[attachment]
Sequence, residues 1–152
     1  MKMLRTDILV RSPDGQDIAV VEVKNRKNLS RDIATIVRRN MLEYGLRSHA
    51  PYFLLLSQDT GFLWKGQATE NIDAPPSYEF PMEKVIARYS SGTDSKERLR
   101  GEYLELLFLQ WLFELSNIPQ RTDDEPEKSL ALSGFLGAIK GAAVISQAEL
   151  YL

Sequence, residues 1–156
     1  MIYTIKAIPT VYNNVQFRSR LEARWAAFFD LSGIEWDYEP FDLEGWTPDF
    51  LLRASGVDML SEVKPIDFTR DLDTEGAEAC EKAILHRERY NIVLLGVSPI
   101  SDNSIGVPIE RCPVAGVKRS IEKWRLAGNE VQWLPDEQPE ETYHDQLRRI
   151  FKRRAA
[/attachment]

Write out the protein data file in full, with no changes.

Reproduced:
Sequence, residues 1–152
     1  MKMLRTDILV RSPDGQDIAV VEVKNRKNLS RDIATIVRRN MLEYGLRSHA
    51  PYFLLLSQDT GFLWKGQATE NIDAPPSYEF PMEKVIARYS SGTDSKERLR
   101  GEYLELLFLQ WLFELSNIPQ RTDDEPEKSL ALSGFLGAIK GAAVISQAEL
   151  YL

Sequence, residues 1–156
     1  MIYTIKAIPT VYNNVQFRSR LEARWAAFFD LSGIEWDYEP FDLEGWTPDF
    51  LLRASGVDML SEVKPIDFTR DLDTEGAEAC EKAILHRERY NIVLLGVSPI
   101  SDNSIGVPIE RCPVAGVKRS IEKWRLAGNE VQWLPDEQPE ETYHDQLRRI
   151  FKRRAA